The most prominent American managers today can all trace their lineage back to one man — Manfred Schellscheidt. The Voice of the Game, the latest documentary from Soccertown Media, is an equally informative and entertaining look at Schellscheidt’s life and impact on the game that is certainly worth its hour-long runtime.
United States Soccer is at a crossroads. Both the men’s and women’s teams looked less than spectacular in their recent World Cups, with the managers taking the brunt of the criticism from fans and pundits alike. On the women’s side, Vlatko Andonovski recently stepped down, while Gregg Berhlater was brought back for what appears to be another cycle, much to the chagrin of his naysayers.
Here is Gregg Berhalter’s mugshot for his crimes against football. pic.twitter.com/vVtVp4Ivvb
— Travis (@usmnt_historian) August 25, 2023
The best nations have identities and a way of playing. Coaches from those countries generally reflect that style or at least “school of thought.” For the U.S., there doesn’t seem to be an adopted methodology other than “athleticism,” which isn’t really a style of play for American managers to implement.
However, there is a central figure, at least on the men’s side of the game, that can be considered the godfather of American coaching — Manfred “Manny” Schellscheidt. His coaching tree includes the most significant American managers in recent years — Berhalter, Bob Bradley, Bruce Arena, and Jesse Marsch. Except for Arena, they all also played for Schellscheidt as well.
However, Schellscheidt’s name isn’t as ubiquitous amongst USMNT fans as his disciples. Voice of the Game, the latest film from Soccertown Media, looks to change that.
The same team that brought us the fantastic 2019 documentary Soccertown USA, including co-directors, writers, and producers Tom McCabe and Kirk Rudell, gives us an intriguing look into the life of Schellscheidt and his impact on U.S. Soccer.
The film doesn’t seek to answer “what is the American style of soccer?” in a direct sense. You don’t hear from Schellscheidt himself giving his thoughts on the question.
Instead, most of his screen time is spent reflecting on growing up in Germany or a life lesson… or defending pick up soccer cheating accusations. Through stories you learn about the coach that everyone calls “Manny.” In a tribute to his way of coaching, the film gives you the pieces, but as the viewer you have to go find it, like a midfielder finding the game.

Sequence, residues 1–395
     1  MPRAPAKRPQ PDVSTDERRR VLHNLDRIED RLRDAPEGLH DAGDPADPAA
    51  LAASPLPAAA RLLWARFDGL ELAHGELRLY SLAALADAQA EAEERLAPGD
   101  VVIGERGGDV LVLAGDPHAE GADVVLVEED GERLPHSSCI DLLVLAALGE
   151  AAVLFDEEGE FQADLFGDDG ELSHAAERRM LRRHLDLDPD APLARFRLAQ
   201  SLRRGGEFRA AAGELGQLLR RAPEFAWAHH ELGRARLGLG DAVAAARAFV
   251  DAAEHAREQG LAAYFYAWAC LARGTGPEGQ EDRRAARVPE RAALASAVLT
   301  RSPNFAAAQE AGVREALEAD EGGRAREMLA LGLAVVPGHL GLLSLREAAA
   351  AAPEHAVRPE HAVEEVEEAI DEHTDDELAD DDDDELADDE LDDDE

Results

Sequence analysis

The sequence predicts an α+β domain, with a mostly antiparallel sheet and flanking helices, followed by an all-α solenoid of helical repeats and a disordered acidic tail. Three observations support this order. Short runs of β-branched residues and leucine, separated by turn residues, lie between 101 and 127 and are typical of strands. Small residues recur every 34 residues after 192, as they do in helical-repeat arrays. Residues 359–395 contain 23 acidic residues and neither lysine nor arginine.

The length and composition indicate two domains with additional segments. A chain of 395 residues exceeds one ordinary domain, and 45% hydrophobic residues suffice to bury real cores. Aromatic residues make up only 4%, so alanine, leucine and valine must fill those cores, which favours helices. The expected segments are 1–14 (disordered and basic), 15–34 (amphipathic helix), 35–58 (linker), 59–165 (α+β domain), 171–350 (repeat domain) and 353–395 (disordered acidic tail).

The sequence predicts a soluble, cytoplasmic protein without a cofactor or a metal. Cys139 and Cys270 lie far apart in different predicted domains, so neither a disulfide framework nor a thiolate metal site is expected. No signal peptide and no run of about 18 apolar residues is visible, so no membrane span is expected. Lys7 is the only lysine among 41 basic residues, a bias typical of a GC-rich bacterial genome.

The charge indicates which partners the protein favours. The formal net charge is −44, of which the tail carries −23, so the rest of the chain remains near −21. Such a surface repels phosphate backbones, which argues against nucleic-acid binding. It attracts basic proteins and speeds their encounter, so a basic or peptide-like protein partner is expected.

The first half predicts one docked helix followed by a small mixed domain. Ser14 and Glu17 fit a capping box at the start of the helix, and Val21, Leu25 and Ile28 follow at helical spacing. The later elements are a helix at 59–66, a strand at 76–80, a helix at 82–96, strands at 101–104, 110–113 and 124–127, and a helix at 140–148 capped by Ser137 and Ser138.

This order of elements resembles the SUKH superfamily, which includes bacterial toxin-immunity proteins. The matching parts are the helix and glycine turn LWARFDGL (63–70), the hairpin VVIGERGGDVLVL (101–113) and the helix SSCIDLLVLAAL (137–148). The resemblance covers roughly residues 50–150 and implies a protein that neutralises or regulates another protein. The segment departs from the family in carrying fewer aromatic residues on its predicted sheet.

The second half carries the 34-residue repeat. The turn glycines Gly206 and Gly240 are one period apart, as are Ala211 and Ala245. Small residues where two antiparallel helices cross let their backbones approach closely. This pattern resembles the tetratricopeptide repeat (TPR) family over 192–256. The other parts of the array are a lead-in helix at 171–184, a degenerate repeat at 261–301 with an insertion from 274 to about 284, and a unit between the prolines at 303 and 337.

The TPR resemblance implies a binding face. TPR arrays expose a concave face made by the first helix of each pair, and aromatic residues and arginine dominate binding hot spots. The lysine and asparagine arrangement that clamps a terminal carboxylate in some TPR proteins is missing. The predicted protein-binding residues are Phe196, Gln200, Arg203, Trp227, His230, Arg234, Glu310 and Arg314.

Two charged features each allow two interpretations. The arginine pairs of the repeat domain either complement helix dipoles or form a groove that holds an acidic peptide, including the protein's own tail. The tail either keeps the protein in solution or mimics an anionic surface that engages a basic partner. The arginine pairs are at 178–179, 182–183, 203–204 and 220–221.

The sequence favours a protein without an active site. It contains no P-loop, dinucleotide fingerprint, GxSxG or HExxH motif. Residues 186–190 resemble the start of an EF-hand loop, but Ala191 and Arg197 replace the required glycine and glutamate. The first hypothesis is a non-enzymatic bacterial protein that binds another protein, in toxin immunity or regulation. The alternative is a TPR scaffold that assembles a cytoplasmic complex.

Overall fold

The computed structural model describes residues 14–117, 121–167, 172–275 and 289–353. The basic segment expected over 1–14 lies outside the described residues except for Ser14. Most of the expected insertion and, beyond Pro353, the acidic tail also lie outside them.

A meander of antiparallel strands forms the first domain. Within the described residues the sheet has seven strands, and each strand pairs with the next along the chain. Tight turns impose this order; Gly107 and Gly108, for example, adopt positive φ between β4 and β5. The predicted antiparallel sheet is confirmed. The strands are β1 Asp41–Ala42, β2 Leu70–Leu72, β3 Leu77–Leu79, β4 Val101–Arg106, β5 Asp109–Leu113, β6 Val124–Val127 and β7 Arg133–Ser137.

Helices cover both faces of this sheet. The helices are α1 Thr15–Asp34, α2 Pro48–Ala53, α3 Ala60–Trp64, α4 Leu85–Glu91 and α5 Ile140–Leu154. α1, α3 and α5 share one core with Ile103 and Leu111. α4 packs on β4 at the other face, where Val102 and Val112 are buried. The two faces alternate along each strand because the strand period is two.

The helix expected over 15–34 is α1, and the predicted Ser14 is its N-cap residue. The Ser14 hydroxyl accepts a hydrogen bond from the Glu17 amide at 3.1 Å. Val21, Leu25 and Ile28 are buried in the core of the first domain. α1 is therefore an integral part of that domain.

Youth soccer in the U.S. has the stereotype of being tactically rigid, but Schellscheidt is the opposite. You hear stories about him teaching USSF classes and telling the coaches to not follow the manual. He talks about feel, and living in the moment — you could replace soccer with life in most of his quotes and they still make sense.
Schellscheidt is a historic figure despite not coaching in MLS and having a short stint at the helm of the USMNT. Pretty much any national team player out of the East Coast or Region I from the ODP days played for or against Schellscheidt. He’s an accomplished player, winning two U.S. Open Cups and an NASL title.
His USSF A license number is literally No. 1. He truly is the first for us as a country. In a fitting manner he also isn’t American. An immigrant from West Germany, he used soccer to escape farm life and move up economically in the world. A story that rings true with the American dream.
The film is divided into sections that correlate with his life and lessons he teaches. Talking head interviews require a true knowledge of the subject from the creators and that’s no problem with Soccertown Media. At times the film is a reflection on the game through the biggest names in U.S. Soccer, and other times it’s a life lesson woven with Schellscheidt’s life itself.
“I don’t create pupils, I create learning situations for my players,” is a quote that perfectly captures his style and approach.
In the grand scheme of world soccer, the U.S. is late to the game. As a country and federation we are behind, but quickly catching up. There’s a double-edged sword that comes with that, however. We have the ability to pick and choose from the proven strategies and styles, but we’ll always be compared to the best version of them.
After watching this film it makes sense to see Marsch and Berhalter coach in such different styles, yet both can attribute them to Schellscheidt. They’re playing the way that speaks to them. There isn’t a right way or a wrong way, just the way you want to do it.
Voice of the Game is an exploration of the sport just as much as it is a biographical documentary. Its ability to switch keeps it engaging through the 60-minute run time. A must watch for young players to hear about the game in a big picture and equally as interesting for older fans who want to see how the sausage is made for the current, former, and potentially future USMNT managers.
It’s a solid way to spend an hour for anyone with an interest in American soccer and its history.
Voice of the Game is available on Soccertown Media’s YouTube channel.